Victoria has had a long history and interest in international affairs. Victoria became a branch of the forerunner Canadian Institute of International Affairs (CIIA) in 1936. However, in 1934, there were two Victoria representatives on the national council: W.T. Straith, a lawyer who later served in the provincial cabinet, and B.G. Nicholas, the legendary editor of the Victoria Daily Times. By 1936-37 the Branch was fully organized and its almost forty members met regularly to hear such speakers as F.R. Scott, Escott Reid, the CIIA’s first secretary, and F.H. Soward, as well as visitors from China and Australia.
Recent speakers have included, Sally Armstrong, Martin Collacott, Bob Fowler, Derek Fraser and Jeffrey Simpson
Today, the Branch has about 150 active members, including academics, students, and interested public, many of whom have served in senior positions with the Departments of Foreign Affairs and International Trade (DFAIT) and of National Defence. Often there are approximately 100 members and non-memberss who attend the monthly meetings to listen to and question guest speakers over lunch.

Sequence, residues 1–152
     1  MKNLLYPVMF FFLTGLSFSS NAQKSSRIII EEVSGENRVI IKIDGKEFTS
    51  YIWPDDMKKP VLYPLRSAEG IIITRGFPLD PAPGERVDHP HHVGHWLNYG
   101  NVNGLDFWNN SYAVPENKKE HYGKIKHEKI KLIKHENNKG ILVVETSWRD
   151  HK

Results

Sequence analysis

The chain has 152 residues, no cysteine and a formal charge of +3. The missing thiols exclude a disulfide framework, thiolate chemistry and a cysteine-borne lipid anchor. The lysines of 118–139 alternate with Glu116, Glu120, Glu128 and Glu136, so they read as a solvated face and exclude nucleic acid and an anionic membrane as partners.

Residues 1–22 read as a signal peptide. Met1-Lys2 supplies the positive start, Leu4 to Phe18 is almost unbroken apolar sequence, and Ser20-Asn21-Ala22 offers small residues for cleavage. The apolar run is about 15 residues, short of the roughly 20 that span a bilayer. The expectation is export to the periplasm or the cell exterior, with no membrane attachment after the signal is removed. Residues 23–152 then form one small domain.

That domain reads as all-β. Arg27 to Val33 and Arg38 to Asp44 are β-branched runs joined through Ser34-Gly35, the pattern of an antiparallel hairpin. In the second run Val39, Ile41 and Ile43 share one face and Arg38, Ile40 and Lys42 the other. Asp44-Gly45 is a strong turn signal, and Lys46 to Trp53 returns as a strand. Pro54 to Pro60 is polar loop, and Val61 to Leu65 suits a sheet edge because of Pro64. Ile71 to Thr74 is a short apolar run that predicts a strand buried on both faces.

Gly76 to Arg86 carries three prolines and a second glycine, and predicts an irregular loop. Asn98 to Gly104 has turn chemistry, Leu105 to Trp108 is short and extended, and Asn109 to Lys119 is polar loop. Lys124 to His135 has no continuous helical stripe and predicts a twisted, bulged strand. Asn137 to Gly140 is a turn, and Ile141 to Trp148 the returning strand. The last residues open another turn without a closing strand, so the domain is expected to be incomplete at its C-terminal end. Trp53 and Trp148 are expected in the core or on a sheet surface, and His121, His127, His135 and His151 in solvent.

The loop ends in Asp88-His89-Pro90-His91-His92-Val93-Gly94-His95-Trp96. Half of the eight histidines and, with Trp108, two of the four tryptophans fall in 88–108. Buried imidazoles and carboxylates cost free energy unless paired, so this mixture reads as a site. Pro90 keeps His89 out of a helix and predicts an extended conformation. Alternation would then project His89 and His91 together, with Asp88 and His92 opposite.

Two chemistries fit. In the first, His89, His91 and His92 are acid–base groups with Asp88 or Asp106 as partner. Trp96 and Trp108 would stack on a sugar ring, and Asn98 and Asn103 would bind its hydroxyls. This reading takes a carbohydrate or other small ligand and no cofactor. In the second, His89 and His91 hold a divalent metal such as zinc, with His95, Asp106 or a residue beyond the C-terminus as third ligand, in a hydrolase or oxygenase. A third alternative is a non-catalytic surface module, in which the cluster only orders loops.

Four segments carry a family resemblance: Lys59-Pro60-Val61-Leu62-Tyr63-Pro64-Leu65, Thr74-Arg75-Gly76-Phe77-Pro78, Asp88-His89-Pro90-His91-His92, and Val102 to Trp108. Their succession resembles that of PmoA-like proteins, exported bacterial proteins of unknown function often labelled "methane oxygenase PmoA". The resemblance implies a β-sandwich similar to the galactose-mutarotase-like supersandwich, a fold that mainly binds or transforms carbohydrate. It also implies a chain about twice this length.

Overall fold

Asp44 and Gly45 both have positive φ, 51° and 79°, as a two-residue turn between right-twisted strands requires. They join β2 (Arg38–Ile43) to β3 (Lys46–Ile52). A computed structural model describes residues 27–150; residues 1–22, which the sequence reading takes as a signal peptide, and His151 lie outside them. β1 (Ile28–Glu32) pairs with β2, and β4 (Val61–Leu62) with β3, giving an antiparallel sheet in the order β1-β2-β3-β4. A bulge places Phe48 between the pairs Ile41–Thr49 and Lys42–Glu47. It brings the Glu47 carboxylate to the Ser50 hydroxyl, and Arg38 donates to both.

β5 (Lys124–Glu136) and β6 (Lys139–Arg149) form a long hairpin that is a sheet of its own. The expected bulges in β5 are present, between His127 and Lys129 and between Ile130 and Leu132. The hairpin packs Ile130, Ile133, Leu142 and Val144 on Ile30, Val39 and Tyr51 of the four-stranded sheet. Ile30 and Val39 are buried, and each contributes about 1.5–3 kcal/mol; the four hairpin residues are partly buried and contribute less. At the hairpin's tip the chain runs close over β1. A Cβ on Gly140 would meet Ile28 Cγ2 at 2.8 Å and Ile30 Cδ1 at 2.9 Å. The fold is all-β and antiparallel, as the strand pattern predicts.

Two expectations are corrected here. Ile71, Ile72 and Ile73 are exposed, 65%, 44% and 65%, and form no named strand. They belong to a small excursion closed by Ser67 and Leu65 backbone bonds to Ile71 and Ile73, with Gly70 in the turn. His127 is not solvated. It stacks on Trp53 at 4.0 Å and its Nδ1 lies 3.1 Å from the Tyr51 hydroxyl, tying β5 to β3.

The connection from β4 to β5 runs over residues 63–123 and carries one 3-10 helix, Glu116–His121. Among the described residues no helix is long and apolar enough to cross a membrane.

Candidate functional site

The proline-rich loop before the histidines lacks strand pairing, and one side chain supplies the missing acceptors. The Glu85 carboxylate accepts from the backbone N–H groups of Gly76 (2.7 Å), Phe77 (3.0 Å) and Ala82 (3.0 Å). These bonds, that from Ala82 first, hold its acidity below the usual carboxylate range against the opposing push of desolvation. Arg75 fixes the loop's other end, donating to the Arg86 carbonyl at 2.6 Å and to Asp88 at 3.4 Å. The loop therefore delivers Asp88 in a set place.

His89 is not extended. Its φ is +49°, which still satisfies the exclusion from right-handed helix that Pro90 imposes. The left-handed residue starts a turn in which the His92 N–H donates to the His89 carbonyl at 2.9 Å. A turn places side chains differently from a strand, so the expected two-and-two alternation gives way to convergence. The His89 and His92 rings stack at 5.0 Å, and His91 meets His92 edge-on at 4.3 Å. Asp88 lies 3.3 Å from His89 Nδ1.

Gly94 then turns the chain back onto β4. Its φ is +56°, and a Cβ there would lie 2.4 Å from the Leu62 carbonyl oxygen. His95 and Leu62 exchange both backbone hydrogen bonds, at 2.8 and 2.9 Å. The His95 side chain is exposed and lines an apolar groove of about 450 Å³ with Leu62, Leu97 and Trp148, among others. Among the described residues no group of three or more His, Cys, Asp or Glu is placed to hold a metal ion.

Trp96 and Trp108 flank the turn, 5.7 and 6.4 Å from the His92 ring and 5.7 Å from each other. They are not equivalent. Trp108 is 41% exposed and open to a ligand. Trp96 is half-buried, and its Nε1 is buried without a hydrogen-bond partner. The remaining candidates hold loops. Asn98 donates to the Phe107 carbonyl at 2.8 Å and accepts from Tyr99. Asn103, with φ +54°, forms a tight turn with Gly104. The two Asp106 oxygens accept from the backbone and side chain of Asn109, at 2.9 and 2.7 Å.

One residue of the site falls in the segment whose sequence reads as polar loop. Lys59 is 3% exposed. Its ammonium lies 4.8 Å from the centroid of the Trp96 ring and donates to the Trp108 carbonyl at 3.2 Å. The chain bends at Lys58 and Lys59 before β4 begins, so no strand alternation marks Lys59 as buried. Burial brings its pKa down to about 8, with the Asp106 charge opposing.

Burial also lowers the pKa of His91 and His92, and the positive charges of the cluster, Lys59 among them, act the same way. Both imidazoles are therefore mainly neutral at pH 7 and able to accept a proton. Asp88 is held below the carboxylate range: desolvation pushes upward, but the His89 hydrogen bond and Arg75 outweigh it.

In addition, the Branch offers partnered support for speakers with Victoria’s Union Club; hosts a series, Politics in the Pub, an informal evening of panel discussions on various topics drawing on local expertise; and has held the occasional conference.
The Victoria Branch has successfully launched its first informal meeting in a pub setting, under the rubric of Politics in the Pub.
In the early evening of February 12…
The Thunder Bay Branch of the Canadian International Council welcomes Yves Engler, who will speak on “The Role of Stephen Harper in Canadian Foreign Policy.”
February 15, 2011, Paul Summerville’s talk “2012: The Year of Living Dangerously”
2012 will be the year of living dangerously.
The outlook for th…